One of Wellington's mayoral candidates wants to help people make their spare rooms available to those in the city without homes of their own.
Jo Coughlan said she would consider putting up a person who was homeless in her own spare room if it would help.
Her suggestion came as the Wellington City Council received an update on its strategies to approach homelessness and begging.
"Wouldn't it be amazing if interested citizens could perhaps sign up to host a homeless person, particularly a person in transition," Ms Coughlan said.
"Often they only require some help for a short period of time and I think a lot of Wellingtonians are very caring and compassionate people - they want to be inclusive and they want to help but they don't always know how."
Ms Coughlan said she was not sure of the details, but suggested using social media or an app to "host the homeless".
She suggested she would be willing to show people how it was done.
"Potentially, yeah, depending on what the circumstances are, I would consider [it]," she said.
"There's all sorts of different cases ... if someone's just requiring some support for a few days, that might be appropriate. That might be something that would suit someone."
Although the council has been working on a homelessness strategy since 2003 the problem has only grown - about 50 to 55 people sleep rough in Wellington most days, and another 35 beg.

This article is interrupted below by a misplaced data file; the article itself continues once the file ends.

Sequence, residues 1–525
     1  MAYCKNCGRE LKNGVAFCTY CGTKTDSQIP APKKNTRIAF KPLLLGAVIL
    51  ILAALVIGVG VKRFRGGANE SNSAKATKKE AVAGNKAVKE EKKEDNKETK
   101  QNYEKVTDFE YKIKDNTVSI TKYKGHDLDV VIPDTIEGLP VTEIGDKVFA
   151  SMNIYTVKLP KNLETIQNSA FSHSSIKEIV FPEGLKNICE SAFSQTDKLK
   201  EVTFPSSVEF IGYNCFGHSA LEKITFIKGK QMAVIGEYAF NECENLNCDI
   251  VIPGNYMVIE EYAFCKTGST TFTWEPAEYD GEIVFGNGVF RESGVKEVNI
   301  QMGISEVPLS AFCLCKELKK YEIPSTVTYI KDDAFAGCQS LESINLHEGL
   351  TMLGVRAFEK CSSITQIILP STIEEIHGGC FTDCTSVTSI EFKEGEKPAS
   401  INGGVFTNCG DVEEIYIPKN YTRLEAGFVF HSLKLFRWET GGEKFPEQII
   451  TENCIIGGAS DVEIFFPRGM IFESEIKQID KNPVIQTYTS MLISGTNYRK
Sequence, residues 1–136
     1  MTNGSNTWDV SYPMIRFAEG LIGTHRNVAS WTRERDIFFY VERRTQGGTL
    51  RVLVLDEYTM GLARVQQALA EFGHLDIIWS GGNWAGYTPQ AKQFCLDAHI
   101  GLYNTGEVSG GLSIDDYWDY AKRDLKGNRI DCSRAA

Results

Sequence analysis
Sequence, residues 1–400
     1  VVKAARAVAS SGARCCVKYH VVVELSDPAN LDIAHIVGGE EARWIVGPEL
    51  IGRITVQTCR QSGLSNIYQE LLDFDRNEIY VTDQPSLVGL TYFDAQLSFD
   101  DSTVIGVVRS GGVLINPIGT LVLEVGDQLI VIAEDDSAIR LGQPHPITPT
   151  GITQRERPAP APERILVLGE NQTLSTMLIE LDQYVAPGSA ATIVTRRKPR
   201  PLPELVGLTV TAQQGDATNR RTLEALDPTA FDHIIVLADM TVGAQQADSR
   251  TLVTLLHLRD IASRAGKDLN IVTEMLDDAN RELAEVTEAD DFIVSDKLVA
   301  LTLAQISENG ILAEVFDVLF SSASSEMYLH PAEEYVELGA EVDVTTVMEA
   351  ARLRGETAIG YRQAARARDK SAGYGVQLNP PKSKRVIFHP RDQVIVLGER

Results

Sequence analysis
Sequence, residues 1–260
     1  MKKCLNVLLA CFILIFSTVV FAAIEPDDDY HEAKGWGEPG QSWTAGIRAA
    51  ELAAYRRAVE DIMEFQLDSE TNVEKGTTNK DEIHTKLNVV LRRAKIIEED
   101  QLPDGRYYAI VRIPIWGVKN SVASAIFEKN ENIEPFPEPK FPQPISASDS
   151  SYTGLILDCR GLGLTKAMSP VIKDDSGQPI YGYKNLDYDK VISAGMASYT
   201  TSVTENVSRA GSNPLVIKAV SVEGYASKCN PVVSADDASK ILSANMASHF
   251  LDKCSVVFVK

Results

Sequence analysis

The council's latest strategy, Te Mahana, has the ambitious goal of ending street homelessness by 2018.
While all councillors were pleased by the work being done in the city, it was clear they felt more could be done.
Another mayoral candidate, Nicola Young, suggested empty apartment blocks owned by the New Zealand Transport Agency for widening State Highway 1 toward the airport could be used.
"There are two blocks of apartments [the agency] has bought in preparation for one day widening the road," the councillor said.
"In the meantime, those apartments are just sitting there empty.
"Couldn't we work with them ... it's something like 32 apartments all up."
Council officer Simon Tendeter agreed and said it would be a good idea to do an audit of the city's unoccupied houses.
Another councillor, Sarah Free, asked whether passers-by had a different opinion on buskers to beggars.
"Do you think the public receive the person on the street better if they perceive that they're actually there for that kind of activity [busking], rather than just sitting there with a placard rather than with their head down and a dish out the front," she said.
"Part of the reason I raised it is because somebody asked 'can't the council give them something to do like shining shoes for a gold coin donation'."
Some councillors expressed their disappointment the council's homelessness strategies were having to fill a gap left by central government.
Labour candidate Paul Eagle said, "This is a central government role, don't abdicate your responsibility."
"That was the key message we were trying to get across," he said.